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Monday, 10 August 2015

Never burn bridges

Daf Yomi Nedarim 76

Some time back, an extraordinary video did the rounds of a fellow who quit his job accompanied by a marching band.  He walks into his boss and tells him he’s had enough; and before the former employer knows what’s hit him, the marching band begins to play.  They then parade about the work-site for the camera, and the young man exits the building defiantly victorious.

Chiya bar Rav would shoot arrows and then examine a vow.  Rabba bar Rav Huna when sitting would stand.
The Rosh explains: When Chiya’s wife would make a vow, he would not annul it immediately and would respond with silence, giving the appearance that he was confirming.  He would then shoot an arrow into the wall to create a sundial, thereby determining the exact time of day, in order to annul the vow by the following day at the same time.  Similarly, Rabba would stand up and check his own shadow in order to calculate the time. 

Chiya and Rabba might not have been ready to annul their wives’ vows immediately.  Sometimes when someone says or does something rash or harsh, you want to just walk away.  But instead of accepting the situation, they chose to leave the door open to a future change of heart.  Determining the exact time of the vow allowed them to have twenty-four hours to cool off and decide whether to maintain or revoke the vow.  Did they want to confirm or change the matter at hand?

All too often people make rash decisions and end up burning bridges that they later regret.  Walking out on an employer accompanied by a marching band is probably not a great long-term strategy.  What happens when a future potential employer calls your old boss to ask about you?  What if you need a reference from them for another job or even for an apartment rental?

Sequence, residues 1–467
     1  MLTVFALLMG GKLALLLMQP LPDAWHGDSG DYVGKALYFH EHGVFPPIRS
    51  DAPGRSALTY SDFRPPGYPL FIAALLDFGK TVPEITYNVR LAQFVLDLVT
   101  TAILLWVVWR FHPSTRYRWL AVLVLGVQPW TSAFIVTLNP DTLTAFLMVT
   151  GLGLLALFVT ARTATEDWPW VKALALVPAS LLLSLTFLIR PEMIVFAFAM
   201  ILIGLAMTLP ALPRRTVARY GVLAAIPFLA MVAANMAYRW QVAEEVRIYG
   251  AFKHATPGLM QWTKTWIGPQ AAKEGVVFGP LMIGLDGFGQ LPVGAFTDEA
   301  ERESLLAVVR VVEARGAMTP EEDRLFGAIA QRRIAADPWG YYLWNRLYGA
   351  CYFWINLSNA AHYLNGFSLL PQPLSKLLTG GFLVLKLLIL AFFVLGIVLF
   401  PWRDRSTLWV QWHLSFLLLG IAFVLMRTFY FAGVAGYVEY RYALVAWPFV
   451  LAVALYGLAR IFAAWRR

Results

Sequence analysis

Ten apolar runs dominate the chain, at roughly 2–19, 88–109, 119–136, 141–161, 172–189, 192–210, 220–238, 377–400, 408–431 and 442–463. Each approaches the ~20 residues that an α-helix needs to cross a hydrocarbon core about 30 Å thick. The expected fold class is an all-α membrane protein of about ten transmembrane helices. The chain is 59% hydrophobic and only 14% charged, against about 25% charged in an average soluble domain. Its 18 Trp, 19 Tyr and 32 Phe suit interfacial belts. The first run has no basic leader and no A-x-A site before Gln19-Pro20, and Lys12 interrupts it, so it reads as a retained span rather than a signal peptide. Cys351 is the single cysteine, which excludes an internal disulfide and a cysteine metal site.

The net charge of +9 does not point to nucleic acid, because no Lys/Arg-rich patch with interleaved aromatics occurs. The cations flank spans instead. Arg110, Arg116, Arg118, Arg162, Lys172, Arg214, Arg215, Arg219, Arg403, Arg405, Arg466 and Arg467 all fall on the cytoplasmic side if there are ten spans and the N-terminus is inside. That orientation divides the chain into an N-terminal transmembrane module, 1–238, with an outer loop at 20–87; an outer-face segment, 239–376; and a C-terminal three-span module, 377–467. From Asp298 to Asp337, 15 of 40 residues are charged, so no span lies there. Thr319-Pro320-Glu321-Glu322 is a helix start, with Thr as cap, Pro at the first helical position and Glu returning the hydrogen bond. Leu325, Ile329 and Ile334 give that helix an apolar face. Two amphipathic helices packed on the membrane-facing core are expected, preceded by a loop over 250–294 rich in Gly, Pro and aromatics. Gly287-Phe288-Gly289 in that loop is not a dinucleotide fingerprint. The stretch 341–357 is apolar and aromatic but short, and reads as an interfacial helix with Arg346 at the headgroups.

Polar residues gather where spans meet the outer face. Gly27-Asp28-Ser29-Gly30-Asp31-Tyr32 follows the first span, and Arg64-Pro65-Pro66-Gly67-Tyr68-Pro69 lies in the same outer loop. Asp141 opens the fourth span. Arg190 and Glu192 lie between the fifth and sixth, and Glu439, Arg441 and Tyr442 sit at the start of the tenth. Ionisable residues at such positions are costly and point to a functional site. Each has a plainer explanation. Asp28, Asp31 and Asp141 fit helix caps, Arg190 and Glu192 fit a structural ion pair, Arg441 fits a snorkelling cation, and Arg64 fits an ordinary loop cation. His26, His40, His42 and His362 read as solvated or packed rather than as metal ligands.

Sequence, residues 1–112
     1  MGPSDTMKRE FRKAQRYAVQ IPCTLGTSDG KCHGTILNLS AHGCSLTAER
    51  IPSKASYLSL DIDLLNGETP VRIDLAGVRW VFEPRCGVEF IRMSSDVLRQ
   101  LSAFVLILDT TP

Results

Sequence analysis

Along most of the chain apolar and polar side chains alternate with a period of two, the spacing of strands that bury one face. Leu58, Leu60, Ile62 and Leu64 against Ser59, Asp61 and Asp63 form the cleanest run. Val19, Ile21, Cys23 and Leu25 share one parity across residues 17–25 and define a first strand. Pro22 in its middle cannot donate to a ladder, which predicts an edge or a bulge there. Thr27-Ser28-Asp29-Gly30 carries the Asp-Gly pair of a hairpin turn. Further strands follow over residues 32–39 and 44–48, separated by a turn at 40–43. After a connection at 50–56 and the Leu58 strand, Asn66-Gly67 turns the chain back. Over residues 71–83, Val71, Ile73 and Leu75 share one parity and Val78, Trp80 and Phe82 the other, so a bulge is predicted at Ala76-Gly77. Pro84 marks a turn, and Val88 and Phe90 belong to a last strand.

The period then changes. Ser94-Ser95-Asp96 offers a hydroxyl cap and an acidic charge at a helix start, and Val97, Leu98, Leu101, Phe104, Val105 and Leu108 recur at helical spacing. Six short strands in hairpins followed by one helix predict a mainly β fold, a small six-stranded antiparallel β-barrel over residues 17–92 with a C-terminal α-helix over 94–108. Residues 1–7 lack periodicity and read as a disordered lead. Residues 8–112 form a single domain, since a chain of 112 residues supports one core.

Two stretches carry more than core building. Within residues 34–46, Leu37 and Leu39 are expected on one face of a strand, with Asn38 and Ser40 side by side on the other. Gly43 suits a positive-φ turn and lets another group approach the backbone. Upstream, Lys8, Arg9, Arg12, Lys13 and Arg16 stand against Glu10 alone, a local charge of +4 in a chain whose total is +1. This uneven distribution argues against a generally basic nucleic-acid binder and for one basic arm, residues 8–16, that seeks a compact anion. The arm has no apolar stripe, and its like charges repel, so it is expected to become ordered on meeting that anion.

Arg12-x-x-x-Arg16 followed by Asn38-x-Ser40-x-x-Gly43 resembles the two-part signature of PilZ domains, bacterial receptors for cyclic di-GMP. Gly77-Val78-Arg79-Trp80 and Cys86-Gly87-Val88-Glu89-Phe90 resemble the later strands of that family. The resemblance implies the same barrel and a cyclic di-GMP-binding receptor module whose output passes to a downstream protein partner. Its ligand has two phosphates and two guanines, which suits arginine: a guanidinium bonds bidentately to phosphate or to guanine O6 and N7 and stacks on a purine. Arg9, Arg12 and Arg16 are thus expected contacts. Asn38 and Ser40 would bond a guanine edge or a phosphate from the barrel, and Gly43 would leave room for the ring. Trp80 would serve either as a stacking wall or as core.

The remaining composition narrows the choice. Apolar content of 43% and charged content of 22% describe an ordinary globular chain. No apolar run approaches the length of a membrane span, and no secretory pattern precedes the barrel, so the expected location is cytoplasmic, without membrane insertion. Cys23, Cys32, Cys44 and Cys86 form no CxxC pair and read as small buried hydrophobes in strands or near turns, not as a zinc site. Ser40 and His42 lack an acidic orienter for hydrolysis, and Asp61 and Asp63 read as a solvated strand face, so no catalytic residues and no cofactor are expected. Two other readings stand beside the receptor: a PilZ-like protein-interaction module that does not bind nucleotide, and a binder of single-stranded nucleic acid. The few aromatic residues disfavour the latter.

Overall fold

You always want to leave the door open to the possibility of a future change of heart.  Whether it’s job-related or in the realm of human relationships, you never know where life will lead you.  When you cross paths with that other person later in life, how will you feel if you acted inappropriately the last time you severed ties?

Initially, after six weeks of dating, the Rabbanit and I decided to part ways.  Could you imagine my disbelief at her incredible kindness - not only did she offer me a lift to the airport, but as I bid her farewell, she handed me a packed lunch!  
‘Just in case you don’t get your kosher meal; I wouldn’t want you starving all the way to Australia.’  We then went our separate ways and for nine months we were not in touch whatsoever. 

Baruch Hashem though, we left one another without burning bridges – we didn’t hurt one another, we didn’t act un-menschlich towards each other.  And so when it came time to reunite – when we were both ready to spend the rest of our lives together – we were able to pick up where we left off, painlessly. 

Never burn bridges.  Always strive to treat everyone with the utmost menschlichkeit and decency.  You never know when your paths may cross again in the future.  May you merit a shem tov – a good name – in the heart of everyone you meet in life, whether your relationship with them is lifelong or merely a passing-through rendezvous!

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